In the summer of 2015, I travelled to Siberia as a part of Royden Loewen’s Seven Points on Earth project. My task was to explore how Mennonites in Russia related to the land through interviews and archival research into the history of the village of Apollonovka (formerly Waldheim), located over 100 kilometres from the regional centre of Omsk and 35 kilometres from the nearest railway station. The village was established by Mennonite settlers to the region in 1911, after the tsarist state opened Siberia to agricultural settlement. The search for land propelled hundreds of Mennonite families to undertake the long trek from various parts of the empire to this new frontier.
In the Russian empire, Mennonites showed a strong inclination to adapting their agricultural methods to address the challenges of the local environment. As David Moon has demonstrated, Mennonites performed an important role in the development of agriculture on the steppe, as they successfully planted trees to create shelter for their crops and protect the soil1 along with establishing irrigation methods to address the region’s semi-arid climate.2 In Siberia, Mennonites faced new challenges to adapt to local conditions, especially the shorter growing season. Initially, only some Mennonite farmers employed the four crop rotation method used in southern Russia; eventually most adopted this technique.3
It would be difficult to argue that Mennonites demonstrated adaptability in their agricultural practices out of a concern for the environment born out of their religious conviction. Instead of exemplifying a dedication to sustainable practices, this adaptability arguably reflected a strong commitment to efficient use of the land, rigorous hard work, and a quiet compulsion for wealth without excess materialism.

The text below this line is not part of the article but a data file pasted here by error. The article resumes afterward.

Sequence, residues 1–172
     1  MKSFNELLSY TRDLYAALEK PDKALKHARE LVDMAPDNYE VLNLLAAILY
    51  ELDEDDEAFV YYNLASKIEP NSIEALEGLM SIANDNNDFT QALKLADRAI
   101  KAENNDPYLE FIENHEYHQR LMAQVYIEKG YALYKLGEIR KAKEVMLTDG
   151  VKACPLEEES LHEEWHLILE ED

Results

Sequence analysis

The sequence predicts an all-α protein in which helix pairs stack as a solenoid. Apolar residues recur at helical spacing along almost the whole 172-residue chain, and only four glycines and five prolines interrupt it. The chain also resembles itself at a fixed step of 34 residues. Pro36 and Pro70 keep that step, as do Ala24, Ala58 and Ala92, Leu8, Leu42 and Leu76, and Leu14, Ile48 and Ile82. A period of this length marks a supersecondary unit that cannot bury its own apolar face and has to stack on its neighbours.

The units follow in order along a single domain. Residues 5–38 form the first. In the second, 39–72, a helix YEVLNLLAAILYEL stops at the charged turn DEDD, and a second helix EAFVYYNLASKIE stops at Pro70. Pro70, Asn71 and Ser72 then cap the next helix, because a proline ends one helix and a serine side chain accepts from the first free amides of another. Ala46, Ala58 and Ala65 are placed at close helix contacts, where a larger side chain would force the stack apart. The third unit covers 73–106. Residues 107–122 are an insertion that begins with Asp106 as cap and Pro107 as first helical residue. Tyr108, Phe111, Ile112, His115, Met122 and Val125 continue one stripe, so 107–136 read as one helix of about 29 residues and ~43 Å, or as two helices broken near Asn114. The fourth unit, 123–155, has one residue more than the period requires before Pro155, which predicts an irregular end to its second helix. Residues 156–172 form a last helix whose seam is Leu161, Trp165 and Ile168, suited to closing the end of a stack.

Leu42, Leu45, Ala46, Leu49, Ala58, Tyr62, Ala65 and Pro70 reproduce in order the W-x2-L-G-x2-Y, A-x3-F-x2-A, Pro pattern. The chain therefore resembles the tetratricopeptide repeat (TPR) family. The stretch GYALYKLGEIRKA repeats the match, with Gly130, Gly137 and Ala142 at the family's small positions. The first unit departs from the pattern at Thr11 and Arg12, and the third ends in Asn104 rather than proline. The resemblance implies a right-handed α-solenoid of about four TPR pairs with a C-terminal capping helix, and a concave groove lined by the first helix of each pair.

Over a hundred years later, the Low German-speaking population of Apollonovka continues to live by the tenets of faith, family, and farming and shows many of the same characteristics despite the intervening years under the communist regime. In spite of current economic difficulties in Russia, locals expressed a strong belief in the future of their children and faith community. In addition to working for one of the three agricultural firms in the village, many have build small barns where they raise pigs for market. Like their ancestors, the inhabitants of Apollonovka have shown resilience and innovation, building local businesses that support the continuation of community life.
Aileen Friesen: I would like to learn more about Mennonite agriculture in Siberia. In one of your articles, you have a photo of cows “returning from milking.” Could I get a sense of how important dairying is among these Siberian Mennonites. Do they make cheese or what happens to the milk? In Paraguay and Bolivia the Mennonites supply much or most of the nation’s dairy products, and to a lesser extend in Mexico. Anything like that in Siberia? My email is: firstname.lastname@example.org. I would love to hear from you. –Henry Troyer See my profile on LinkedIn.